Who is YOU?

Who is YOU?

(That’s not a grammatical error.)

When asked, “Who is (your name),” what do you say?

Do you reply with your name? Do you say “I’m a man (or woman).” Is your response, “mother, father, son, daughter”? Do you label yourself by what you do for a living or your religion or even where you live/

Again, who is YOU?

We are incredibly complex beings and we have many different labels.

For example, I can be “man” at the same time as I’m “happy.” I can be a “resident of northern California” while “native of Detroit” and both are equally true. I can be “a person of faith” and I can be “doubtful” in the same place. I can be “overweight” and I can be “proud” together.

Why does this matter?

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Is it Really a Sacrifice – or it is Actually a Gift?

Giving up a habit can feel like a major sacrifice.

Therefore, our inner cranky child emerges and we grumble and complain, dragging our feet, resisting what we know has to be done. Like a small child, we wail and moan, crossing our arms in a huff, stamping our feet, and resisting vehemently.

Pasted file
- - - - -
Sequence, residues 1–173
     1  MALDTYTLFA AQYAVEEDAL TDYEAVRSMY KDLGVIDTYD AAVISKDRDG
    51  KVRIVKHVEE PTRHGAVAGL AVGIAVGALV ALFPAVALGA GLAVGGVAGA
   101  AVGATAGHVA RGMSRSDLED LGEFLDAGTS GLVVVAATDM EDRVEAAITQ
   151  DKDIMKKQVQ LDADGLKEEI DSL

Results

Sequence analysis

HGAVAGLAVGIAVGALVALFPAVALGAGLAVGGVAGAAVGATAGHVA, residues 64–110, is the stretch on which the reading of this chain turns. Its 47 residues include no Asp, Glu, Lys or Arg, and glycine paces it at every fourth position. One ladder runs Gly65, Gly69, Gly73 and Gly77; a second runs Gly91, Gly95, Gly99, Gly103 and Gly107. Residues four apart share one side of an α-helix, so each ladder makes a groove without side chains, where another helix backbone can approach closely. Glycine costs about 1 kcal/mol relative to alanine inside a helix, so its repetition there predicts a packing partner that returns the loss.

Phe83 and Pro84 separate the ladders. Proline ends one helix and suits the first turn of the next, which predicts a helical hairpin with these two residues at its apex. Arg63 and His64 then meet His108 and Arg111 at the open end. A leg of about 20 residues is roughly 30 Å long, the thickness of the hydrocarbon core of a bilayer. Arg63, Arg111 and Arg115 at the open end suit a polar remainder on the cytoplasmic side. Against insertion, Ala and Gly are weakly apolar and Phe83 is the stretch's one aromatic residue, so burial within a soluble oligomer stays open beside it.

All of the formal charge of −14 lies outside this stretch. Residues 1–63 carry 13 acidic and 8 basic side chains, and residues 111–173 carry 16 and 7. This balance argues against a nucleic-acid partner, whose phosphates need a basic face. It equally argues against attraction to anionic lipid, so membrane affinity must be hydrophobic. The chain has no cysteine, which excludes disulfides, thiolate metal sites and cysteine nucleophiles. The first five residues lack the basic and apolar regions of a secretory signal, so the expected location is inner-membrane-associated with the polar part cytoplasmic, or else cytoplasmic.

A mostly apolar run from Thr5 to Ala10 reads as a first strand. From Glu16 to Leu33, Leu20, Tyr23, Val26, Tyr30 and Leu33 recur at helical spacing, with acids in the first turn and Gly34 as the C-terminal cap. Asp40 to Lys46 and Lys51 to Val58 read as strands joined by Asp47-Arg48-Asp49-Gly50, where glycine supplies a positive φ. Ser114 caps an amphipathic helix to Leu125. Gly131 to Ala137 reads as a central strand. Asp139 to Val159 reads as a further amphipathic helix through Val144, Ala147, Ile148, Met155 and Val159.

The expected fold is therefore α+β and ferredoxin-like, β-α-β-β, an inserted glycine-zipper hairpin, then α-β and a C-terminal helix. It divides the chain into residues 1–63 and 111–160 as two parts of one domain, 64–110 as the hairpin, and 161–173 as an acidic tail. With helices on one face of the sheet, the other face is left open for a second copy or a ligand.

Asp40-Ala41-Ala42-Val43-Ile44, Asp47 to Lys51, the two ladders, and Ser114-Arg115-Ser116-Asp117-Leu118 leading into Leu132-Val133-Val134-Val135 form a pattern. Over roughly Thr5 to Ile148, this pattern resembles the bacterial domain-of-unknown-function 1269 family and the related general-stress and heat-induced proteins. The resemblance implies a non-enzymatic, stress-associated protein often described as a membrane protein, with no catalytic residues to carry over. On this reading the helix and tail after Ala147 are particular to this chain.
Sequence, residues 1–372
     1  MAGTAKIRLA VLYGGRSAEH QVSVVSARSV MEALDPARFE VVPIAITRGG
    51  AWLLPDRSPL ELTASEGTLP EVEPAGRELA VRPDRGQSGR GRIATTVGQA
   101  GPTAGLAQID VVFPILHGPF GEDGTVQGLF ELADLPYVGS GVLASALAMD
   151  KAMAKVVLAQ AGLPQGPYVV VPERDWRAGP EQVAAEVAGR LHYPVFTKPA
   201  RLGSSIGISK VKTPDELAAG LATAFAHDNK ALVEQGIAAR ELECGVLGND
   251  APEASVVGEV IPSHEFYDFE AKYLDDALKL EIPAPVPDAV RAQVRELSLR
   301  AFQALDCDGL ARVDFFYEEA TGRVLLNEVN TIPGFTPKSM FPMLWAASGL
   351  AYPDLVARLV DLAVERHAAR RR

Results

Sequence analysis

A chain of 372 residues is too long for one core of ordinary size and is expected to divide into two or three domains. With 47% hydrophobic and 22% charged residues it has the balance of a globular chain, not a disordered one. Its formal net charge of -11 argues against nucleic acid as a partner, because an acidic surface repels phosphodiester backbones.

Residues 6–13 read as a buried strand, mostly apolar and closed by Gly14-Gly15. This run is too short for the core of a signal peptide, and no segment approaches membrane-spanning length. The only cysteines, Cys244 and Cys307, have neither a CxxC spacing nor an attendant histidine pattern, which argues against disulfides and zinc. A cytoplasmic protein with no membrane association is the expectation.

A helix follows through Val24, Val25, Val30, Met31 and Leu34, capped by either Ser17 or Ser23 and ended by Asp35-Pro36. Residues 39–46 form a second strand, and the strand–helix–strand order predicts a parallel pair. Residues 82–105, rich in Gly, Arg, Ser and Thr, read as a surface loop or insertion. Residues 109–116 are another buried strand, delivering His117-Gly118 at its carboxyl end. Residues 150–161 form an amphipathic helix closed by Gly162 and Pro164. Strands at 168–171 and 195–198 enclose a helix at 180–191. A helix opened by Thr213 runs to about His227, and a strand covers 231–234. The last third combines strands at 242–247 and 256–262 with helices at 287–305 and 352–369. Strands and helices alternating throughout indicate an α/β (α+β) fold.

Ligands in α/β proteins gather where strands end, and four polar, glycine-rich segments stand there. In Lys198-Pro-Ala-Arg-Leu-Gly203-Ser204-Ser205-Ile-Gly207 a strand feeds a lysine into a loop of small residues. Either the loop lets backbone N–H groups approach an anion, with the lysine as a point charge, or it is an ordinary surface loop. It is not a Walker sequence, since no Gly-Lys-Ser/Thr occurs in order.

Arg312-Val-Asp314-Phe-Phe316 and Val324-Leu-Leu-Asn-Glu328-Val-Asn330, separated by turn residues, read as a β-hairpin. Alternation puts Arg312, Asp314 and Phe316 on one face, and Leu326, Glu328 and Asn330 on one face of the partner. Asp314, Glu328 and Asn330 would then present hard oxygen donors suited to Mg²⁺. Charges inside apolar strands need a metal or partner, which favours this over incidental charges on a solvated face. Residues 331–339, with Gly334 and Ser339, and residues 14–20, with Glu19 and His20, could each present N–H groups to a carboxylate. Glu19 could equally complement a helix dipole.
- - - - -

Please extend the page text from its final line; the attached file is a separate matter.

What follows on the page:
girl-having-tantrum

“I don’t wanna eat less!”
“I hate exercise! Do I hafta?”

“Do I really have to organize my house?”

What would it be like if – instead of focusing on what we have give up – we looked at it as how excited we’re going to feel once we do it?

Instead of looking at it as a sacrifice, we focus on how good we’re going to feel when we drop those few pounds, or when the house is organized, or when we can enjoy a walk on a sunny day.

The amount of work won’t change, but our attitude sure will.

And that’s definitely worth a lot.

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